Thoughts on Systems

Emil Sit

Jul 27, 2006 - 4 minute read - Research firefox mozilla programming tools web2.0

Robert O'Callahan visits MIT

Today, Robert O’Callahan stopped by MIT as part of his US Tour. He works for Novell is one of the “super reviewers” at the Mozilla Foundation. If you use FireFox (like 63% of my visitors this week), you probably run code he’s touched. He also wrote TTSSH, an SSH client that I linked to from my homepage for many years. Robert came to give a talk about current fronts in the “browser wars.” It was, though, less about Mozilla versus the world, and more about the way to develop the web for the future as well as some insight into the development of Mozilla.

His thoughts on the evolving the web with standards seems most similar to Mike Davidson’s view: instead of a developing “shiny and new” standards with a focus on validation, he would rather embrace, document and extend existing best practices. New functionality should be developed in backwards compatible manner and take into account problems (like security issues) that can arise when different standards interact in unexpected ways. He disparaged the compulsion of many researchers and parts of the W3C to try and design things from scratch; nothing winds up as clean as originally imagined (see SVG).

The impression I got is that standard writers operate in their own fiefdoms and don’t implement the full spec and so they don’t have the view of the world that a browser company like Mozilla or Opera might have. For example, validation and specs doesn’t help browsers deal with invalid input. Thus companies have banded together to form the WHAT working group to document de facto standards and produce on specifications with developers in mind.

Some interesting nuggets from his talk:

  • Randomized “fuzz testing” is more effective than current tools like those from Coverity. It finds more bugs than they have time to fix. This is perhaps because the code-base has very complex heap invariants that Coverity does not check for. More “custom” static analysis tools would be needed to check for those things.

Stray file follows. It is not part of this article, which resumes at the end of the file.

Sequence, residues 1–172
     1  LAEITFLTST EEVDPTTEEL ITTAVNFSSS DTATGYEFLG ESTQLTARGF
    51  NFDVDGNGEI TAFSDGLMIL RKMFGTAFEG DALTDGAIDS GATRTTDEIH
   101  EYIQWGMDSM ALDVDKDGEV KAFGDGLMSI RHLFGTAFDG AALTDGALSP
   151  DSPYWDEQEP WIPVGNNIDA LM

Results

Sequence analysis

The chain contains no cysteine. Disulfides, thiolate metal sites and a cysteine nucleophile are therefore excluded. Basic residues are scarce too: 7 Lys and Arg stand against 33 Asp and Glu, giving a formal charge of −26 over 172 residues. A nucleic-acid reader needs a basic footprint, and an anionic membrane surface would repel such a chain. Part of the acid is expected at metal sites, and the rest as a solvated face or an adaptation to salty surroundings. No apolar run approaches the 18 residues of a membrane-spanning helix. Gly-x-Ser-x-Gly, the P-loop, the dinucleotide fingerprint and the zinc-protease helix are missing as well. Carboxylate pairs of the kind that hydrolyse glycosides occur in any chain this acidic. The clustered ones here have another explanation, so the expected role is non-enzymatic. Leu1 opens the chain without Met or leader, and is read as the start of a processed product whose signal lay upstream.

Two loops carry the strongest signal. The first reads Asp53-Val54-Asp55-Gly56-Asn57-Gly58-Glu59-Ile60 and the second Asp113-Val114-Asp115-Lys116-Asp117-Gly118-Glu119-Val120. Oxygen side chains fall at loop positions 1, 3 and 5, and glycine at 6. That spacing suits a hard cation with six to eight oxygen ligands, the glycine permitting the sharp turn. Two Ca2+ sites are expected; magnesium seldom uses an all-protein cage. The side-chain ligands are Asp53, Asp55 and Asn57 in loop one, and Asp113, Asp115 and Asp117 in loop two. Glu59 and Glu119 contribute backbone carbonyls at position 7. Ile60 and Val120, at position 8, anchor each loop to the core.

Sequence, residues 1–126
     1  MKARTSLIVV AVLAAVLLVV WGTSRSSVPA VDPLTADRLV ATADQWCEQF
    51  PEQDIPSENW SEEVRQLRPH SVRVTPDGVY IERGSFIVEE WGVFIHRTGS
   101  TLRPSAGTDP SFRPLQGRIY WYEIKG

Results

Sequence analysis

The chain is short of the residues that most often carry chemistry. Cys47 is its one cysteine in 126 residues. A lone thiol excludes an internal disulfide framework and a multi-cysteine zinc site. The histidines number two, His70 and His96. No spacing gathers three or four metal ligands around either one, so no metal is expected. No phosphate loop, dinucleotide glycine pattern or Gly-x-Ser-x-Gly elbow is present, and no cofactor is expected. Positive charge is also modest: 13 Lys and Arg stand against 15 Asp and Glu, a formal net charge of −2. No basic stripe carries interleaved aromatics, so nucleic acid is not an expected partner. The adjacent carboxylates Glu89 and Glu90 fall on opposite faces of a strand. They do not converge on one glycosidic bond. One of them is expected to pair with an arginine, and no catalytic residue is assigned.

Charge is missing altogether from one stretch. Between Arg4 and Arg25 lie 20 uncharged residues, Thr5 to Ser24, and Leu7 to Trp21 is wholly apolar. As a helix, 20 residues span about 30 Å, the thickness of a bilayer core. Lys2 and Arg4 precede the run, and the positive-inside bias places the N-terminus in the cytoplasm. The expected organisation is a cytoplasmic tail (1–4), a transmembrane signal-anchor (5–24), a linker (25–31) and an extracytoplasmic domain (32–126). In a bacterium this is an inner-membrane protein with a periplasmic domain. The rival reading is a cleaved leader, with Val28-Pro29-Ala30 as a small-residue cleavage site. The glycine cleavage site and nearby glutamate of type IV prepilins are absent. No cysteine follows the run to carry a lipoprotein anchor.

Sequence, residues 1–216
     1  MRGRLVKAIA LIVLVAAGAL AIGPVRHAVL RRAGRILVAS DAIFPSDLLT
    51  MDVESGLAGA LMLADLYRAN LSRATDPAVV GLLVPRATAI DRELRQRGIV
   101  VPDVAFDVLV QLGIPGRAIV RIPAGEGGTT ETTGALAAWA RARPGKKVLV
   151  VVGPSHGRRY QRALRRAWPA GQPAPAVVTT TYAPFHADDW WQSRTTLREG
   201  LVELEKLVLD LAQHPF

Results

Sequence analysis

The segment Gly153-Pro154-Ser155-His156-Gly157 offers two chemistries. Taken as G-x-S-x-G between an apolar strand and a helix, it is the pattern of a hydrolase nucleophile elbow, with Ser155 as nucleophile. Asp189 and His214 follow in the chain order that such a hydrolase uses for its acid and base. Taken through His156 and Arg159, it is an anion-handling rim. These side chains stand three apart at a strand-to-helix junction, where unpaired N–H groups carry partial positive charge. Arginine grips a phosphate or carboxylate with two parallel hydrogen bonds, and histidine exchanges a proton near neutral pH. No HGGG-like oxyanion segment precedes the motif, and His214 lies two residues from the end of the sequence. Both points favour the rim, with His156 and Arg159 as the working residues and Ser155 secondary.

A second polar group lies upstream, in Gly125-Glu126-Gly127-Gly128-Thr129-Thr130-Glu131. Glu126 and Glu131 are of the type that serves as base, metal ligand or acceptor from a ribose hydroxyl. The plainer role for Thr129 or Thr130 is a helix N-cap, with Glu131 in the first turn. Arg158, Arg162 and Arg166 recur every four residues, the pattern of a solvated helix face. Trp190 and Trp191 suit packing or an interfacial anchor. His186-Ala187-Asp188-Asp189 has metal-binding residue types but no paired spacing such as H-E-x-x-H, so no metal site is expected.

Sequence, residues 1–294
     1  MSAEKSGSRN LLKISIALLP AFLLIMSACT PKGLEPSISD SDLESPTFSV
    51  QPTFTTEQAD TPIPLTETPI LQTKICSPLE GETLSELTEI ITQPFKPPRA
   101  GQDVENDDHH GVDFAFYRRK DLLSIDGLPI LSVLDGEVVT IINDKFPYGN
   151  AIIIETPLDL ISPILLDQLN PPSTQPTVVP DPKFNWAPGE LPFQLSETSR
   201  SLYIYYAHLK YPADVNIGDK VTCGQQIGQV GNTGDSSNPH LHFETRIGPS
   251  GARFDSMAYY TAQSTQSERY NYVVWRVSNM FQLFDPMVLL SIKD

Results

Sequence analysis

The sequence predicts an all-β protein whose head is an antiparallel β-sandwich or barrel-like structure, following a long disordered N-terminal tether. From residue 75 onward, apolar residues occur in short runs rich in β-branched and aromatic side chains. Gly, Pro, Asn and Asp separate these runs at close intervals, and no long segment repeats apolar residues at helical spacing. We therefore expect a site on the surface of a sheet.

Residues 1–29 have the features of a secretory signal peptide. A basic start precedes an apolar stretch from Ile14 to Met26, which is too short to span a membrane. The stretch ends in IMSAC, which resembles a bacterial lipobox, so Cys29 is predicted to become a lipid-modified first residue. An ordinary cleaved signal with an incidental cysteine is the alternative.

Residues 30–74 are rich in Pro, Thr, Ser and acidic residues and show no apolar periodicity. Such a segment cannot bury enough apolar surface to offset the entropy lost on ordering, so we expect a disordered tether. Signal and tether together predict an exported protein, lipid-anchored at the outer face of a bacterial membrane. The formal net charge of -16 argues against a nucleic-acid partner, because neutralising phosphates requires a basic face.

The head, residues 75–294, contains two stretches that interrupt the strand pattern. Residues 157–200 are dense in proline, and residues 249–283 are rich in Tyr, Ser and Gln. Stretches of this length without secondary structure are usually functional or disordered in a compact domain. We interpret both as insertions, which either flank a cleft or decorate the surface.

• The project’s regression tests are slow and not too complete. When asked about actual coverage, he wasn’t too sure but also indicated that there is a lot of dead code so strict coverage might not be as indicative. They have no automated UI testing.
  • Talkback is a tool that can send stack traces to the Mozilla Foundation when the browser crashes. It turns out that these traces are currently used to debug problems; instead the traces are usually for known bugs and help developers prioritize bugs for repair based on how frequently they happen in the wild.
  • Existing profiling tools aren’t good enough for them to discover the source of performance problems; they vary significantly from run-to-run and there is no good way to compare different runs, i.e., in order to find a change that introduced a performance problem. I wonder if DTrace would be at all useful.
  • The best external contributors to the project tend to be in quality assurance. Developers fall into two camps it seems: those that send one e-mail about helping but don’t make it very far, and those that show up with large patches solving real problems. Rob speculated that the build system served as a filter: if you could get past the build, you can probably produce useful code to address real issues.
  • In response to a question, he plugged microformats over RDF as being more likely to enable the Semantic-Web. I saw Sir Tim Berners-Lee in the audience, but he didn’t say anything during the talk.

It seems that one day Mozilla will soon have improved forms (?), 2D and 3D graphics, better font rendering (ligatures etc). I was interested to hear that they will be moving JavaScript more towards a Python-like flavor (as opposed to Java). He also mentioned the tantalizing possibility of adding type inference to JS2. In giving a talk at MIT, he closed with a number of research directions; his suggestions were largely in the area of tool development: better profilers, better static analysis, better IDEs.